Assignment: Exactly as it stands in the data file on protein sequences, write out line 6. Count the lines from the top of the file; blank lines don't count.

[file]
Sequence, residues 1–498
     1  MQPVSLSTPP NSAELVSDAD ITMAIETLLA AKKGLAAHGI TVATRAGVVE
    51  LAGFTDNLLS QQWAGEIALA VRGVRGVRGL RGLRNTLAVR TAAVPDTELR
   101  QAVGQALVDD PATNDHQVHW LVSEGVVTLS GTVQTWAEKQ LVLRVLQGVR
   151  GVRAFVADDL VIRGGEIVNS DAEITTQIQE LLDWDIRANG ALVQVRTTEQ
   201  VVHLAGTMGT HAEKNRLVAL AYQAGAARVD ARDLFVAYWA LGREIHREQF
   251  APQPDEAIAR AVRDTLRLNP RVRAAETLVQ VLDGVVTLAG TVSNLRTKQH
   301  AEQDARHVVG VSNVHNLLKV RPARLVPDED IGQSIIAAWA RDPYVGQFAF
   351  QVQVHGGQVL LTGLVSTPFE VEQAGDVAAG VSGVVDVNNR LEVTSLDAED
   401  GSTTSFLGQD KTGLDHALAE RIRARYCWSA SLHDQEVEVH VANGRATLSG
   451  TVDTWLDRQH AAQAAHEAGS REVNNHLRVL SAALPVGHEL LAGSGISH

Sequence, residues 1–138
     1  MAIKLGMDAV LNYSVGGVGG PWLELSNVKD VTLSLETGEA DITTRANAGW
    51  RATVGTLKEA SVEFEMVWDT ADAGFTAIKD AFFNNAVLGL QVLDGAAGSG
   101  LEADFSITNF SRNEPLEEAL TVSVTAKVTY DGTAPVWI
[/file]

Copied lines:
   201  VVHLAGTMGT HAEKNRLVAL AYQAGAARVD ARDLFVAYWA LGREIHREQF